On August 1, the Senate Finance Committee held a hearing, “America’s Affordable Housing Crisis: Challenges and Solutions.” The hearing focused primarily on the challenge of increasing the supply of affordable housing and strategies to address the significant housing cost burdens faced by many Americans. Senator Hatch opened the hearing, stating that the affordable housing crisis, “is a problem that should be ready for a bipartisan solution.” To view our write-up of the hearing, click here.
To help tackle the affordable housing issues discussed in the hearing, Senators Orrin G. Hatch (R-UT) and Maria Cantwell (D-WA) have introduced legislation, S. 548, the Affordable Housing Credit Improvement Act. The bill would increase Low-Income Housing Tax Credit (LIHTC) credit authority by 50 percent, as well as enact roughly two dozen changes to strengthen the program by streamlining program rules, improving flexibility, and enabling the program to serve a wider array of local needs.
During the hearing, Committee Members expressed their support for the Cantwell-Hatch bill and there was broad bipartisan consensus that the LIHTC program is a vital tool for increasing the production of affordable housing and providing low-income households, safe, quality, affordable homes. However, there were also concerns raised regarding oversight and compliance of the program. Daniel Garcia-Diaz, director of financial markets and community investment at the U.S. Government Accountability Office (GAO), presented testimony that IRS oversight of LIHTC is minimal and that there are no robust controls in place to ensure reasonableness of costs or compliance with program requirements. According to Mr. Garcia-Diaz, the GAO recommends that HUD, as an agency with a housing mission, play a greater role in the oversight of the program.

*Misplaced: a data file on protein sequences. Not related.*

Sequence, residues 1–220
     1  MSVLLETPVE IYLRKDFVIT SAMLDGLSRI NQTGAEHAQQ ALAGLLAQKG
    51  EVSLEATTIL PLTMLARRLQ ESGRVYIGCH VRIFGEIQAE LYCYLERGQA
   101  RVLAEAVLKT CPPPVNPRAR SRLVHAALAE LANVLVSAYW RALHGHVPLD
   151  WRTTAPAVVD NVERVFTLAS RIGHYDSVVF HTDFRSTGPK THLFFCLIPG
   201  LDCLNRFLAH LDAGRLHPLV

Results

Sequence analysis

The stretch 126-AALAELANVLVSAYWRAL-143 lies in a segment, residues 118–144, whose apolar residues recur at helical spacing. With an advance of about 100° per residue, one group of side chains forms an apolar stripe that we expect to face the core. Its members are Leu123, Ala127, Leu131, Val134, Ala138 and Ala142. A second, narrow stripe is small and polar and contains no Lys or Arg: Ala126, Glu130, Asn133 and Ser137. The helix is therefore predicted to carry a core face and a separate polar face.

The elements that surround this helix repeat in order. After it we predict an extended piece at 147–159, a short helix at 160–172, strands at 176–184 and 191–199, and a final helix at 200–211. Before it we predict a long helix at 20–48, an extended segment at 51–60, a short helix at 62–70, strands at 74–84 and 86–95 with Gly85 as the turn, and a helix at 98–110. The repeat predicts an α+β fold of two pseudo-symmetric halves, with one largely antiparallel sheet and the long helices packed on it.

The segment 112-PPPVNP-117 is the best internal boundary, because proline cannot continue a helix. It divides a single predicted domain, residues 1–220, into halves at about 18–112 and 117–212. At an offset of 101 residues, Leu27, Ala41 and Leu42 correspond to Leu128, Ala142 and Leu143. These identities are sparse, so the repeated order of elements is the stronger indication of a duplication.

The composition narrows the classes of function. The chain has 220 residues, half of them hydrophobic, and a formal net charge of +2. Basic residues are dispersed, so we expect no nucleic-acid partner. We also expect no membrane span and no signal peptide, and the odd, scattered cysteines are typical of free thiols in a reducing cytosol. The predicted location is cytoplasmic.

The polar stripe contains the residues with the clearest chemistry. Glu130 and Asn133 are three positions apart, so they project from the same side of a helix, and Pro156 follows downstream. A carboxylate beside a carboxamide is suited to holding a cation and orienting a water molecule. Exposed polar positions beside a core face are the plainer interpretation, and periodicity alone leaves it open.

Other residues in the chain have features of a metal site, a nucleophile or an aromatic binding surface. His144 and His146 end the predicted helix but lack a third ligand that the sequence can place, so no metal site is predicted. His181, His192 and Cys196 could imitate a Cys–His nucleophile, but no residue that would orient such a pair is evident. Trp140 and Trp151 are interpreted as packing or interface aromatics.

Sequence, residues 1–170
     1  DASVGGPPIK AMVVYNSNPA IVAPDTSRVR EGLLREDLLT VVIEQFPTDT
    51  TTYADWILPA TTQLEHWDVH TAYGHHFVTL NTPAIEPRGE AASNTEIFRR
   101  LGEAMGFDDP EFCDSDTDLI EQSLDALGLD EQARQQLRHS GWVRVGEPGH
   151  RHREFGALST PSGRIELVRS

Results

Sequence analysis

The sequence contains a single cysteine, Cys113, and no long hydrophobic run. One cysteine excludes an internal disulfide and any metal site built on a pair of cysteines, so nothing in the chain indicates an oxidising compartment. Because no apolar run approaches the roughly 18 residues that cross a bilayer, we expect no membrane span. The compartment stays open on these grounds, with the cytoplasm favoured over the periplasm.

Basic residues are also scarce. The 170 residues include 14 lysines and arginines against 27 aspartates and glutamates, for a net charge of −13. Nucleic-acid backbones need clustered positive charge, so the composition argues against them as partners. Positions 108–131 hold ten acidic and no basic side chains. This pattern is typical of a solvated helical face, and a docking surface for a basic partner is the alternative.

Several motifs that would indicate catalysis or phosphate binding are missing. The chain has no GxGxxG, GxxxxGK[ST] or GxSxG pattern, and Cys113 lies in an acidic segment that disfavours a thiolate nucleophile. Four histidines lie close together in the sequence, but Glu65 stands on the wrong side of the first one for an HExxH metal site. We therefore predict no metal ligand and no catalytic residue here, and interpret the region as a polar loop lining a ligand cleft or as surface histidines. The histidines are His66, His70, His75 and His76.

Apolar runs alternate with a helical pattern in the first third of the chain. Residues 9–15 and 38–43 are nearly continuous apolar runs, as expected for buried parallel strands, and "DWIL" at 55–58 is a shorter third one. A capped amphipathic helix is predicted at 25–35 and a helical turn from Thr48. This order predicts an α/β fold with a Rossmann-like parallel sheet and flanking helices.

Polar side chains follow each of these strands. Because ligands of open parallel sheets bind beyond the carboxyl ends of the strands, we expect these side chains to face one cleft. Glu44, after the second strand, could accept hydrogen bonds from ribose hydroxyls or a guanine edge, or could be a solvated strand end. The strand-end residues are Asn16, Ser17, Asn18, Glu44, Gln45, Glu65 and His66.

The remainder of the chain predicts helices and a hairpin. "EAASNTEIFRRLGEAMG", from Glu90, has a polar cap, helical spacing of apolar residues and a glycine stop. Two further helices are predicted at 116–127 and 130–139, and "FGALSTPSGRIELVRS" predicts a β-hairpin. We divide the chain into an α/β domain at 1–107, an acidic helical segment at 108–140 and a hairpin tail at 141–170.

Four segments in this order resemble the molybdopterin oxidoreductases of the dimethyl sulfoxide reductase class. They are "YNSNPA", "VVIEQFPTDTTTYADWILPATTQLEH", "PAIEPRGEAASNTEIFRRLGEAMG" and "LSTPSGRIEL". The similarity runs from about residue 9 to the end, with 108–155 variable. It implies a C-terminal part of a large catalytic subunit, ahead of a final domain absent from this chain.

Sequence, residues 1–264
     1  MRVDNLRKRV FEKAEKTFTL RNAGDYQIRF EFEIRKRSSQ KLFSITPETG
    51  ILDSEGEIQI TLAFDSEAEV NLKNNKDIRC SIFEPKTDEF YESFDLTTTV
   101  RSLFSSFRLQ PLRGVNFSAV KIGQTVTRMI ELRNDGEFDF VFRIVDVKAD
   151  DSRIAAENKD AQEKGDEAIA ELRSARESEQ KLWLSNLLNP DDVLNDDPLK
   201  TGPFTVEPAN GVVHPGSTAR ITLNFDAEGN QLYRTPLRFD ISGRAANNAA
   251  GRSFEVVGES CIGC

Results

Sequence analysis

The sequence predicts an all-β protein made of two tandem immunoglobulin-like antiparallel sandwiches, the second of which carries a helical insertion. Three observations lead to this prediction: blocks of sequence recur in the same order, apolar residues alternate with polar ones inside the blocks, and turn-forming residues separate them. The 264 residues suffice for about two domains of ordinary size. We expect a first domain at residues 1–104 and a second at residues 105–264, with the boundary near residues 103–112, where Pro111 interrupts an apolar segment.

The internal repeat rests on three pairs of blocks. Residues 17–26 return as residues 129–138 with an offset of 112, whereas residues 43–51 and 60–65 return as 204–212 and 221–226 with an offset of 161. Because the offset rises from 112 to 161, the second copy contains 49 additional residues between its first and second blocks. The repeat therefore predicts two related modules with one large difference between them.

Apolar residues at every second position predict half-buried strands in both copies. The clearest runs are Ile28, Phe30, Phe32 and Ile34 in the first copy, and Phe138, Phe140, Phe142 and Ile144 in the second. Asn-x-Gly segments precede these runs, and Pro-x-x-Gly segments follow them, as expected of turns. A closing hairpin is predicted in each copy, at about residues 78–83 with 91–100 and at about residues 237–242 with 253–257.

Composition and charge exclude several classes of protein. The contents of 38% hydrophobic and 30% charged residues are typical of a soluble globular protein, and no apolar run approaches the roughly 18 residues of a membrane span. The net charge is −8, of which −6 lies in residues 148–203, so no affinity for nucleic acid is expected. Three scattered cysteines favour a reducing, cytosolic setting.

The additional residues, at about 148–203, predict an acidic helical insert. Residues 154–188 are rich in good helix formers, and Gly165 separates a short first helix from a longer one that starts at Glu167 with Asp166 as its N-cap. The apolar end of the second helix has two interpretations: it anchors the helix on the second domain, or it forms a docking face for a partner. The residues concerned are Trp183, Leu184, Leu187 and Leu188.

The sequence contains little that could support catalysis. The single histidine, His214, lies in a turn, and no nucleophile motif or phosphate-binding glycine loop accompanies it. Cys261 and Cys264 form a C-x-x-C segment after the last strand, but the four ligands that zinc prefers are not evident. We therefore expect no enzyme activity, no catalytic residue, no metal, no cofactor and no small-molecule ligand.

In our Statement for the Record, CLPHA applauded the leadership the Senate Finance Committee has shown in support of LIHTC to date and encouraged the Committee to support S. 548. The bill is especially beneficial to the public housing program, which has experienced decades of underfunding and federal disinvestment. We noted that LIHTC has proven to be an extremely important preservation tool for public housing, and PHAs have a long history of leveraging private equity through LIHTCs to fill the funding gap created by decreased federal appropriations. Without the LIHTC program, preservation of their public housing stock would not be possible.
CLPHA also acknowledged that competition for more valuable 9% LIHTCs is fierce in many states and that there have been concerns within the affordable housing community about increased demand from the public housing portfolio. Increasing the allocation authority by 50 percent would support the preservation and construction of up to 400,000 additional affordable apartments over a ten-year period, including the renovation of vital public housing units that are currently at-risk. Additionally, the legislation allows for an increased basis boost for projects serving extremely low-income households. This would be particularly beneficial to housing authorities, as 75 percent of public housing residents are extremely-low income.
CLPHA has been strongly supportive of the legislation. In addition to the Statement of Record above, CLPHA has also engaged in this work as a member of the A.C.T.I.O.N. Campaign Steering Committee (A Call to Invest in Our Neighborhoods). The A.C.T.I.O.N. Campaign has taken a lead role in promoting the expansion of LIHTC, including support of S.548. Last month the Campaign submitted a letter to Senator Hatch in response to his request for comments on tax reform, urging Congress to expand and strengthen the housing credit. Along with other Steering Committee members, CLPHA endorsed and signed the letter.
As Congress takes on tax reform in the upcoming months, we will continue to support this important legislation that would provide needed resources to public housing. CLPHA members should support the Affordable Housing Credit Improvement Act by contacting their senators during recess to urge them to support the bill.